A very different situation now, but it does seems that there is a lot of caution coming from the officials in that they don't want to be a little

bit overeager in projecting here in putting their target out there.

That said, it is likely they will go well beyond that six percent, and also, interesting to point out where some of the other focus was today as

they came together for that rubber stamp parliament defense spending at some 6.8 percent increase there.

Also you have research and development, a big focus on R&D, Julia, and this is obviously pointed towards creating more innovation, but also lessening

the reliance on countries namely like the United States.

CHATTERLEY: Yes, a natural defense mechanism to the pressures we are seeing, and we can expect that to continue, too.

Something else that caught my eye, David, particularly in light of the landmark court hearing that we saw yesterday with Hong Kong pro-democracy

activists charged under the national security law, and of course, many of them not being bailed following that hearing, Li Keqiang, the Chinese

Premier's comments, I am going to quote it. "We will stay true to the letter and spirit of the principle of one country, two systems under which

the people of Hong Kong administer Hong Kong and the people of Macao administer Macao. Both with high degree of autonomy."

David, what do we make of that?

CULVER: It is interesting that this caught your attention, because this is what got the most attention here, and it seems strange because here we are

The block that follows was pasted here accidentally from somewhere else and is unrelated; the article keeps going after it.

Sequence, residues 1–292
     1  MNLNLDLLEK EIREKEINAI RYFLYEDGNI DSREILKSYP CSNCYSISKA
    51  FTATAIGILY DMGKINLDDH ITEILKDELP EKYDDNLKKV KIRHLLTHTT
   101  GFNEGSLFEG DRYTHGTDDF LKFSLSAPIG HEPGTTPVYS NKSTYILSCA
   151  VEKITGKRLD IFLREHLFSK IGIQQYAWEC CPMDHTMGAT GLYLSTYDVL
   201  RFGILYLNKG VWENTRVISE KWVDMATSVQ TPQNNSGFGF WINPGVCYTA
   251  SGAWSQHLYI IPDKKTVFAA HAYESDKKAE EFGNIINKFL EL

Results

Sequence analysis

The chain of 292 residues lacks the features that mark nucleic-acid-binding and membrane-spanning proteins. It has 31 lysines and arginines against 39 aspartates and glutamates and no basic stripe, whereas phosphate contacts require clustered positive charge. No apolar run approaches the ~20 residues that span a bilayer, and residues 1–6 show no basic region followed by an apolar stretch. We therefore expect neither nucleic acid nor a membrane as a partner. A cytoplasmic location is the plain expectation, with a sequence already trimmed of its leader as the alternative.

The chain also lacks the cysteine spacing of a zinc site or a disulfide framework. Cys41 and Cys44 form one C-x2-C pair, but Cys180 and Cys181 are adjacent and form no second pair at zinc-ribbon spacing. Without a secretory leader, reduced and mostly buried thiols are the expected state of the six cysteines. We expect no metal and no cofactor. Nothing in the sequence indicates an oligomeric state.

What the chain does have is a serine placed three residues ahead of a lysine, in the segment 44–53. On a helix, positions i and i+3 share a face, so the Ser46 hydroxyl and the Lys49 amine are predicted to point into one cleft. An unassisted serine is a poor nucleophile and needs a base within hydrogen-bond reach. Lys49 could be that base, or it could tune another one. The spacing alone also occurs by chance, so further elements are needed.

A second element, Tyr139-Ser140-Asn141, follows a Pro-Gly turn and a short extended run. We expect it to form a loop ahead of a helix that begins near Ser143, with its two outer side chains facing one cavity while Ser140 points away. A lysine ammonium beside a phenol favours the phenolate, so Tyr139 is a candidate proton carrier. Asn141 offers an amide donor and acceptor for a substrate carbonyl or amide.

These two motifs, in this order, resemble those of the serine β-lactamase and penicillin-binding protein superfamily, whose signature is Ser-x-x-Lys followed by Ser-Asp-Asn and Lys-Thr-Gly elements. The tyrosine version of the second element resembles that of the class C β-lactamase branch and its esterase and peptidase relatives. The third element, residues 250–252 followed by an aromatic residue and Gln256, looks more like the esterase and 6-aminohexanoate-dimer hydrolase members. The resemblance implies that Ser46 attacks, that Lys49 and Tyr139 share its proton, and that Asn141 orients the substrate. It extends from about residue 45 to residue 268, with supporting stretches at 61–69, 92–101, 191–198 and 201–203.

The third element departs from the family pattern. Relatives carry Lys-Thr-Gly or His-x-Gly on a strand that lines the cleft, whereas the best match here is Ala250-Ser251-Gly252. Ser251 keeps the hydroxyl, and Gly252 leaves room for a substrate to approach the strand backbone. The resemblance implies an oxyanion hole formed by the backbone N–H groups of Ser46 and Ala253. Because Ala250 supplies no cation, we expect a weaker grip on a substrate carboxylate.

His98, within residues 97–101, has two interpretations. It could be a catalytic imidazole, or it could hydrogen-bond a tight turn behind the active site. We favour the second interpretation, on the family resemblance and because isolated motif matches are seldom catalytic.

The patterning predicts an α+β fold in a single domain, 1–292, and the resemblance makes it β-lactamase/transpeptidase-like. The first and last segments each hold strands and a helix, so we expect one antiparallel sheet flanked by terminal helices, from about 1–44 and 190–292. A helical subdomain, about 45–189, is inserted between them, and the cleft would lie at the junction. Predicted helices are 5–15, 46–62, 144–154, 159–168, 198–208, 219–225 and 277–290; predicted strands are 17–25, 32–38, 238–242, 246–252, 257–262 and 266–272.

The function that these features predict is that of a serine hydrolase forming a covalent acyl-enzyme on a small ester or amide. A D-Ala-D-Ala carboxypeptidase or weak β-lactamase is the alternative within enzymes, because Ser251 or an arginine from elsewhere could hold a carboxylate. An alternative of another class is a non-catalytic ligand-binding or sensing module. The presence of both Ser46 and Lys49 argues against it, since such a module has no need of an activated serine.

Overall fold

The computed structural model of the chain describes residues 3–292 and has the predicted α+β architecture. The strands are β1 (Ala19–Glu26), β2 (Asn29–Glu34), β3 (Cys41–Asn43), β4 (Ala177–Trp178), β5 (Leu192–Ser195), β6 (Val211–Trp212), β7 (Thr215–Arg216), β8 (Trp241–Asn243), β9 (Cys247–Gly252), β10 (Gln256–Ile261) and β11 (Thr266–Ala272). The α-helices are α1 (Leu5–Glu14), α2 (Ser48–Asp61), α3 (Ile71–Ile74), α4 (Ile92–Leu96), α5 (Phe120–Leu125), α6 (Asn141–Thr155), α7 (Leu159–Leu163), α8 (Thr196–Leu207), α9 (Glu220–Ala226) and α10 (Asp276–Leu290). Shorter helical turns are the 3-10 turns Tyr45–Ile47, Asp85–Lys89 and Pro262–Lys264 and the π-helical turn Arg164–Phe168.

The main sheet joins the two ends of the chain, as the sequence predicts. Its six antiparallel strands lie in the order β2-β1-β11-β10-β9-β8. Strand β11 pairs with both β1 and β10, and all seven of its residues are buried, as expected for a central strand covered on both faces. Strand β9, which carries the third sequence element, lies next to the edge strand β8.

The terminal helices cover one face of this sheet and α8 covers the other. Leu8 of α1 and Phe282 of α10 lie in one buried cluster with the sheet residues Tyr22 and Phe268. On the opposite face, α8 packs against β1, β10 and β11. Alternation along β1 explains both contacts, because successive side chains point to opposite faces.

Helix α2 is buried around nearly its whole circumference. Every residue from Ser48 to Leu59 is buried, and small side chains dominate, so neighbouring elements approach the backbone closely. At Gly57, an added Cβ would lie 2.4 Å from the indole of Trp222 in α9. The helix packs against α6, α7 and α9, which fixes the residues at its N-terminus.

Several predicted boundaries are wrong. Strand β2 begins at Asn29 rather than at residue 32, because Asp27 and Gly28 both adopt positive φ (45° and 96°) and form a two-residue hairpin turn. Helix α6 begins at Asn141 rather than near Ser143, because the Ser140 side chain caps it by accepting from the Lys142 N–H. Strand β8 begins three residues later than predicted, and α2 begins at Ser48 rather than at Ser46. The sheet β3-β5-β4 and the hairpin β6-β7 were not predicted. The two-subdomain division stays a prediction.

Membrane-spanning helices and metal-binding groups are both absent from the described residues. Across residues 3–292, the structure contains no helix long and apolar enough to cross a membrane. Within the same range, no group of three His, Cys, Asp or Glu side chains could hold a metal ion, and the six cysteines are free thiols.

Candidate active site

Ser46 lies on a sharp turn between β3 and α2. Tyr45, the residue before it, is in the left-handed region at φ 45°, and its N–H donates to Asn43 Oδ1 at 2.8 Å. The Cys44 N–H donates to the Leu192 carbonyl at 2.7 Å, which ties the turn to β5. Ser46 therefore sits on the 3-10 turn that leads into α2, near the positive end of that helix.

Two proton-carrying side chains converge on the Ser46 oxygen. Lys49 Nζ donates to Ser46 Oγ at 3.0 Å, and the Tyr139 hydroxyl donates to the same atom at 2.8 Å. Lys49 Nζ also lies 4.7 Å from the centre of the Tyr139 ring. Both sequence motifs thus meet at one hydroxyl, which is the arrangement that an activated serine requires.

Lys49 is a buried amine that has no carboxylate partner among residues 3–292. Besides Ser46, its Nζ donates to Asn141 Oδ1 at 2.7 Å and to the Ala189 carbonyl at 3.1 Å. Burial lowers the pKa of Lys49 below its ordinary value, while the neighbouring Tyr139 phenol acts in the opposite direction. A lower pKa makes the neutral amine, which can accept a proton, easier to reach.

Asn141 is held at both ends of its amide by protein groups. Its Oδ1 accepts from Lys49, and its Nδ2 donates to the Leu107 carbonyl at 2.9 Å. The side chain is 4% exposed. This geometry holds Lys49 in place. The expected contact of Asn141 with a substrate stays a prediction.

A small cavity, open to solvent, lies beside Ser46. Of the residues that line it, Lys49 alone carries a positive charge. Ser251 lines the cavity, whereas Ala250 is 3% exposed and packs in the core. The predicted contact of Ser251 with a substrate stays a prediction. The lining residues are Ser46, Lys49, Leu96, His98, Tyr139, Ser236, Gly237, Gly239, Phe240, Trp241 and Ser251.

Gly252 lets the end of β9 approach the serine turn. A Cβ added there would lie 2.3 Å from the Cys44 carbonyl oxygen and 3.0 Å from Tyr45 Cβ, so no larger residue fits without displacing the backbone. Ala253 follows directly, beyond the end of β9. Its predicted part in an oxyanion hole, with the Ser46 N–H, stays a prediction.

still, dealing with the rest of the world, the ravaging pandemic, and yet their focus is on something that lingers from two years ago, from 2019, the

pro-democracy protests in Hong Kong.

But it is still top of mind here, and last year, for the two sessions, which is what the rubber stamp parliament gathering is called, they passed

the national security law. We know that was incredibly controversial.

This year, they are going to step further. So what they are doing is the pro-Beijing Election Committee that selects the Chief Executive in Hong

Kong, that's going to stay in place, but it is going to go a step further, Julia. They're now going to nominate and essentially choose those who are

going to be part of the legislature.

This solidifies what has been a tightening grip from Beijing over Hong Kong and really sends a strong message to the territory, Julia.


CHATTERLEY: Yes, and then we know there will be critics will be looking at this, and those that see the behaviors and the actions in Hong Kong and say